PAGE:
Applying the doctrine to the evidence presented, the court explained that Ms. Hamilton failed to meet her burden of proof at trial.27 While she may have offered sufficient evidence that the Remicade warning was inadequate, she presented no evidence that her physicians' decision to prescribe Remicade was due to the allegedly inadequate warning, or that her physicians would have acted differently had a different warning been provided.28 The court considered testimony that the prescribing physician would have considered additional information not included in the package insert insufficient to establish that such information would have changed the physician's prescribing decision.29 Having failed to satisfy her burden of proving that Remicade's allegedly inadequate warning was the producing cause of her injuries, the court entered a take nothing judgment for the plaintiff.30
While the Texas Supreme Court's opinion should be heralded as the right result, a detailed parsing of the language chosen leads to a word of caution. In describing its conclusions, the court was consistently careful to base its holding on the "facts of this case" and "on this record."31 In distinguishing Perez, the court emphasized that the Remicade instructional video was shown after the infusion process had begun and was "not the type of misleading DTC advertizing that concerned the Perez court."32 Instead of making direct claims to consumers regarding the product's efficacy, the video was more akin to an "educational tool" that was "available to help patients feel more relaxed about the infusion process, by explaining some of the benefits and side effects of the treatment process."33 The court reached its holding "without deciding whether Texas law should recognize a DTC advertising exception when a prescription drug manufacturer distributes intentionally misleading information directlyto patients or prospective patients."34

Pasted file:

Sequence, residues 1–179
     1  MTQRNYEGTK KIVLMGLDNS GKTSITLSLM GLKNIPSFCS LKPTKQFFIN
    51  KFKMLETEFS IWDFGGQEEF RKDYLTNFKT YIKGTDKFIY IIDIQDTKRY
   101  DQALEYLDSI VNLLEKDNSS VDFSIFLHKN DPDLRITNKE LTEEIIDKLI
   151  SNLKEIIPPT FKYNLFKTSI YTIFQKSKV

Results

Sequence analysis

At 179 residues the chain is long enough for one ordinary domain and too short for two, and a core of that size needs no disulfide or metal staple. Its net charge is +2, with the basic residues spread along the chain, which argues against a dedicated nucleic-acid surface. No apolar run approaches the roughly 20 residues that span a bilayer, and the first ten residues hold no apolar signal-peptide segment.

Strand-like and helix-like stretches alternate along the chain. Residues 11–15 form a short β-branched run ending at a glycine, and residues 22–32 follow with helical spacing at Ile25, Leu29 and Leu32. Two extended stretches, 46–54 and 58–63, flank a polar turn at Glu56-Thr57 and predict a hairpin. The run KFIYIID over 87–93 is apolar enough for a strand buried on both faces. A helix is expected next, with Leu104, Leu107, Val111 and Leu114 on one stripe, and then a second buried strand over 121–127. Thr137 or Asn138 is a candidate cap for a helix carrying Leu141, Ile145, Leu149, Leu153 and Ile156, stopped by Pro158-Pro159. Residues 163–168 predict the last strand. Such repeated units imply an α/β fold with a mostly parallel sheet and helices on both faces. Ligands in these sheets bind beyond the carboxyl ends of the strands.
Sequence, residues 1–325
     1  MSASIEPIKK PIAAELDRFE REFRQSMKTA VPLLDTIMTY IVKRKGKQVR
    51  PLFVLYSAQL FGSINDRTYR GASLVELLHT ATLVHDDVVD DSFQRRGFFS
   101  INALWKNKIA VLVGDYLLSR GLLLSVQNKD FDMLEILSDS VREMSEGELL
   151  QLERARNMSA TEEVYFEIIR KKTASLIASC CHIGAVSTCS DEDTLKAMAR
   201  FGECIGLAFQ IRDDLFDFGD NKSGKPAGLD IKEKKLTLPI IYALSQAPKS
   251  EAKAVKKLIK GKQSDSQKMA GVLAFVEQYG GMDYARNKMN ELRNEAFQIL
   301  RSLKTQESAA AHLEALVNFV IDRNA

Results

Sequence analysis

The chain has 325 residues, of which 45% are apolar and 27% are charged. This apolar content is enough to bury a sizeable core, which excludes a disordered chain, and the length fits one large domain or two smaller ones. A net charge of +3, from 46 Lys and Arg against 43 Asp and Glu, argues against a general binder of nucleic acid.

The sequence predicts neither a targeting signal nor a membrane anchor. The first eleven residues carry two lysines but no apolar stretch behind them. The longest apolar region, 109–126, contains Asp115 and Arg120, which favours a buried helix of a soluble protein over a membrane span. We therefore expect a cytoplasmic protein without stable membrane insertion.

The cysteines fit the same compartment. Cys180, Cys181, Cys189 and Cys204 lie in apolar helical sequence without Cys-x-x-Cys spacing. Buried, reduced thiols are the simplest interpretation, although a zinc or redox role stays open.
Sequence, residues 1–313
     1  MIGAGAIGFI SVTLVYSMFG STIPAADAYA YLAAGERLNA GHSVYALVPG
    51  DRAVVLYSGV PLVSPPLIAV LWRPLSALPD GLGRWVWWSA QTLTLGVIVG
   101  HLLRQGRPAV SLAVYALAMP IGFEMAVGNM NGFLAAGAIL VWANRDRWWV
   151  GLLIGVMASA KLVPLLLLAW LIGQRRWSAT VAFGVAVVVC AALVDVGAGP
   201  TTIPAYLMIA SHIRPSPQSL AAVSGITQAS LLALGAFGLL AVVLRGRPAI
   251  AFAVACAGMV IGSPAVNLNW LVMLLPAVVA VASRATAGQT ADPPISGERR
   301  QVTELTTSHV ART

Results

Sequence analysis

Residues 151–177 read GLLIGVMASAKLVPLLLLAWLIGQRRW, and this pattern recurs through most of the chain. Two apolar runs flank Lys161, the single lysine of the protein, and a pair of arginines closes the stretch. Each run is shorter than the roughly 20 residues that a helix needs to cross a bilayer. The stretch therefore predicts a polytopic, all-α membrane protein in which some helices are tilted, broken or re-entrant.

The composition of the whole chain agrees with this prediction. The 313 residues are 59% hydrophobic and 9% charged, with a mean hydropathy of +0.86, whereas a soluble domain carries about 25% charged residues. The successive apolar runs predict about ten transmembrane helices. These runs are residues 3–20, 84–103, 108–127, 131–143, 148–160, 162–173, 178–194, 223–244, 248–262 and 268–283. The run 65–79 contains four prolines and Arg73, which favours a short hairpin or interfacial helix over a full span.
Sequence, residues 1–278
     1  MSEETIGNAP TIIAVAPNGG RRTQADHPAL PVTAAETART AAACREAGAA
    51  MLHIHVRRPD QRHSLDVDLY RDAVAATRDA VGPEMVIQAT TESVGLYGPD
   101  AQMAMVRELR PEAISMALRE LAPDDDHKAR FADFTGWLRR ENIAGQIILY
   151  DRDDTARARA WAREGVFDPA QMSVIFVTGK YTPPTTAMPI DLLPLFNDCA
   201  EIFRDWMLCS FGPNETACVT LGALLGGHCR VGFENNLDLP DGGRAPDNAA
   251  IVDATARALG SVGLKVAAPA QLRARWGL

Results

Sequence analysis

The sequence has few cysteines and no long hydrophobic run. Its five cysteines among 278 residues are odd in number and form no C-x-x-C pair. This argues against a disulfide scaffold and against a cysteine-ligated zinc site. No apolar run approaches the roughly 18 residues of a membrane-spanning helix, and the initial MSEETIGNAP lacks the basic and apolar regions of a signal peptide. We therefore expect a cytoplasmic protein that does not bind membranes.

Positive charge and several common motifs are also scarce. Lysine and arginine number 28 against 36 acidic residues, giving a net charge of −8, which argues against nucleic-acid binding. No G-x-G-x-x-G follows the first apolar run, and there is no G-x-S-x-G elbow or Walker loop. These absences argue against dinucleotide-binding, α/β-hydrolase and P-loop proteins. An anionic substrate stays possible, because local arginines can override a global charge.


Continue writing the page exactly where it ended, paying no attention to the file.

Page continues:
Plaintiffs could seize on this language to argue that the court left open the possibility that a different record could and should support the creation of a DTC exception to the learned intermediary doctrine. But in most jurisdictions, the learned intermediary doctrine remains the standard by which failure to warn claims will be judged.